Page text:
…They look like rubber tentacles. They unfurl like tongues. But these organic appendages with “air muscles” that inflate and bubble might just be the future of your office building.
Furl: Soft Pneumatic Pavilion, a graduate project by Bijing Zhang and Francois Mangion at the Interactive Architecture Lab at the Bartlett School of Architecture of University College London, is an exploration of adaptive, soft robotic, “breathing” buildings. It’s part of the responsive architectural trend that includes the use of “biometal” to regulate building temperatures, digital feathers that filter the air, and silkworms that weave pavilions.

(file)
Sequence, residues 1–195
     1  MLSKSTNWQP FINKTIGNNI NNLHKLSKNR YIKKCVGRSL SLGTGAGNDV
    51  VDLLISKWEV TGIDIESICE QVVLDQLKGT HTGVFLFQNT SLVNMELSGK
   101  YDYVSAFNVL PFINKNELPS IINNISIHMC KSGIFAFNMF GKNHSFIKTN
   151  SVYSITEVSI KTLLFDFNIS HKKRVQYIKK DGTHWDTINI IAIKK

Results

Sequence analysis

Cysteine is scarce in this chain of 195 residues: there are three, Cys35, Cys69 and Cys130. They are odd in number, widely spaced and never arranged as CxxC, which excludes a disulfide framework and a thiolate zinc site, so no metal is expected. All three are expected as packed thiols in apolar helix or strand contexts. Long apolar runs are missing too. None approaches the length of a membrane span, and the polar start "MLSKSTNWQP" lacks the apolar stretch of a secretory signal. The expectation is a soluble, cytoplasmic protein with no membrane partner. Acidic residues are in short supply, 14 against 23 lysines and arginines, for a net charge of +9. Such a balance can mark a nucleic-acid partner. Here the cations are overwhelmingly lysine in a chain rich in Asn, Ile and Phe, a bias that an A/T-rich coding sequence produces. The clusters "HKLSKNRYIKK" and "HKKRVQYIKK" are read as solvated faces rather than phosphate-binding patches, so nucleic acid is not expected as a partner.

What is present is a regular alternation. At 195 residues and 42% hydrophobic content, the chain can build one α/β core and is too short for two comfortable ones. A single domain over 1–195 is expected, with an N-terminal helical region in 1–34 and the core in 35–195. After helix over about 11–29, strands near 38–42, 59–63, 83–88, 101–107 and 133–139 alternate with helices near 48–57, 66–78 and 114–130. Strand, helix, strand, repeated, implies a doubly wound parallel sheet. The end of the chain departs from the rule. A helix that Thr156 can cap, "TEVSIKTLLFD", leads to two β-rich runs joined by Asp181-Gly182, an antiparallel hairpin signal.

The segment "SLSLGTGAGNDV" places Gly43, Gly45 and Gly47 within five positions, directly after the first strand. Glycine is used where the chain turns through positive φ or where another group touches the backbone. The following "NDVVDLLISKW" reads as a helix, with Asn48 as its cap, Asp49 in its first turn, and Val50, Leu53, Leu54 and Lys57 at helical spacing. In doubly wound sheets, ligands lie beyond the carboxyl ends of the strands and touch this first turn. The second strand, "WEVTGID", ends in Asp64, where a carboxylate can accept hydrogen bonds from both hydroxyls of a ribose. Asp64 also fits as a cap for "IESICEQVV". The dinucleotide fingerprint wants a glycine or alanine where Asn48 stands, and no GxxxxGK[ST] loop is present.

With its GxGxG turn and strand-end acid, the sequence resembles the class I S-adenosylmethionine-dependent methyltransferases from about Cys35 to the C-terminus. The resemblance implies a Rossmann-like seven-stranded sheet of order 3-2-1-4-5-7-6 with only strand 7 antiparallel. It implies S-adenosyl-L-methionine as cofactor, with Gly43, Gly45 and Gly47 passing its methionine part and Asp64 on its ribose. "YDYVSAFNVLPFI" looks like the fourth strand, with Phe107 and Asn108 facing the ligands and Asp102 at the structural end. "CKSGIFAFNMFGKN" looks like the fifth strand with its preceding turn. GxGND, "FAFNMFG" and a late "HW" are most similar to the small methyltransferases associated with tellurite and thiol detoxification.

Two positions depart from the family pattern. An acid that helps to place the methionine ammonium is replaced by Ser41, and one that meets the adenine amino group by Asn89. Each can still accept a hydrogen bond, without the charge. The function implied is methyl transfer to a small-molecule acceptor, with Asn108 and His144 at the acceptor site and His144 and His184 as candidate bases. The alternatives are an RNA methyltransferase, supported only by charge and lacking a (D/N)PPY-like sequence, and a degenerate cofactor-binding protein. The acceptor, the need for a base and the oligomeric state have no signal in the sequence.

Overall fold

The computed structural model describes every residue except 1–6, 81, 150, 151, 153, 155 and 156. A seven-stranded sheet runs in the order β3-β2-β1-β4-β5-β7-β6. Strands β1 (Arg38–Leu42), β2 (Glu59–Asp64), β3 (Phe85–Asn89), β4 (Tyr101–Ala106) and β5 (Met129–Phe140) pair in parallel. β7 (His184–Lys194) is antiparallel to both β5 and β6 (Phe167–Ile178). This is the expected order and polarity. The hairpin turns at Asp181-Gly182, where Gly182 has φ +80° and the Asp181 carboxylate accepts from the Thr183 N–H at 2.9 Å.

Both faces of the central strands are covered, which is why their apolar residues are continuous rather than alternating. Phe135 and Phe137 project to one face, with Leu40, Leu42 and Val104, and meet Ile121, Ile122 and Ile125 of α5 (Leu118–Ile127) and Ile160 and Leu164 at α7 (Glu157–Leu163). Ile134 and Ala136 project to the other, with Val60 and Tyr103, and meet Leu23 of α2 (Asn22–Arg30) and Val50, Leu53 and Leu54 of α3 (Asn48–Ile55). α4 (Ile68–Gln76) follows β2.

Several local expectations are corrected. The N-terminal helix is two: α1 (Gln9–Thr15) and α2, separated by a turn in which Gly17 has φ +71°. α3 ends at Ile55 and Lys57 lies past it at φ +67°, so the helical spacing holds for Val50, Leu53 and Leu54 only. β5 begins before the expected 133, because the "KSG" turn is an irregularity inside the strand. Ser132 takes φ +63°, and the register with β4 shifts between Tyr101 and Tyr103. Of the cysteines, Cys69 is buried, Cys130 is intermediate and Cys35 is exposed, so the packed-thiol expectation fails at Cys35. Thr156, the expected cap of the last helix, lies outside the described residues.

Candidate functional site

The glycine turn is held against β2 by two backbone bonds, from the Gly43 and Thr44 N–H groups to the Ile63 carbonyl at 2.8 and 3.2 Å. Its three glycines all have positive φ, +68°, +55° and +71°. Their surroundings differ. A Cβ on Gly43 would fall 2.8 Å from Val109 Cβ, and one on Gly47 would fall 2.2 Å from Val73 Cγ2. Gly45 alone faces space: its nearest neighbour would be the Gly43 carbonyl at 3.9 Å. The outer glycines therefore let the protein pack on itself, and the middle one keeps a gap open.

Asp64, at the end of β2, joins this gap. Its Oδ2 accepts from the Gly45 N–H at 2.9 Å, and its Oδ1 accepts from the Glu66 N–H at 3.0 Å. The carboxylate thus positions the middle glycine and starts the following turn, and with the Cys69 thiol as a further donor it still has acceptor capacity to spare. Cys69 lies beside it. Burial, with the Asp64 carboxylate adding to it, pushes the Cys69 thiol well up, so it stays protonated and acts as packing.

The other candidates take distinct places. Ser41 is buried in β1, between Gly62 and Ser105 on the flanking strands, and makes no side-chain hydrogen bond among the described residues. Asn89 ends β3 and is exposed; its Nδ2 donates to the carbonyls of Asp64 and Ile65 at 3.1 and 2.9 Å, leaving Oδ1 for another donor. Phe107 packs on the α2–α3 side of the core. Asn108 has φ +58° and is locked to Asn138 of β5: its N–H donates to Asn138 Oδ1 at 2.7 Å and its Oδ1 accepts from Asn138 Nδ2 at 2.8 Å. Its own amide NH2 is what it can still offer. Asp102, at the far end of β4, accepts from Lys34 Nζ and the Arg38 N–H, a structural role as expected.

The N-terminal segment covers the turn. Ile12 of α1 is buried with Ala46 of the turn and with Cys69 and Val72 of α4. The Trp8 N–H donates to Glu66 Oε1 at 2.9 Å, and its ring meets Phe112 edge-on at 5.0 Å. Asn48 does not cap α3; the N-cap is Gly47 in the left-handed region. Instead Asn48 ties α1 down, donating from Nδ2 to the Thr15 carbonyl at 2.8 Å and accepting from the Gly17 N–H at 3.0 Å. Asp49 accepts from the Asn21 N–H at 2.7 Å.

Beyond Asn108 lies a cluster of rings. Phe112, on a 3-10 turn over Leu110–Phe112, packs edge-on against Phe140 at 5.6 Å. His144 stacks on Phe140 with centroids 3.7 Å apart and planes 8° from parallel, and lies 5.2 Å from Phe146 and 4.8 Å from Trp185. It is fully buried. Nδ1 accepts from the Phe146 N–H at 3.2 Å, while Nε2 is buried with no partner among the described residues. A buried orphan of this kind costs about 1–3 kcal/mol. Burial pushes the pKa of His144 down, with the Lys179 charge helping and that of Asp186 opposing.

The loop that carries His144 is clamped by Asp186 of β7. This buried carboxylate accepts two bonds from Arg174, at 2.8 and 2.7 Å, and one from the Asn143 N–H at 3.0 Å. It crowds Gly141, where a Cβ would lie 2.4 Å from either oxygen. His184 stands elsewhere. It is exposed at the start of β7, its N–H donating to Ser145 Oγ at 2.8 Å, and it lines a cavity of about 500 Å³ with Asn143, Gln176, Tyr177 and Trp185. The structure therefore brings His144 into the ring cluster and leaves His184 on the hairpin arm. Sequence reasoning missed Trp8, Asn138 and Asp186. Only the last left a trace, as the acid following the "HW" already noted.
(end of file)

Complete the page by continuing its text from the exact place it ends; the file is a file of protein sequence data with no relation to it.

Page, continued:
These soft robotic components allow for unprecedented ability to bend, fold, change shape, and otherwise adapt to the needs of building occupants. The wagging arms are programmed to read human brain waves.
The “gestures” are programmed when the silicone casts are made, predicting how the arm would move if certain air pockets were inflated. But the actual air flow can be controlled via EEG readings….
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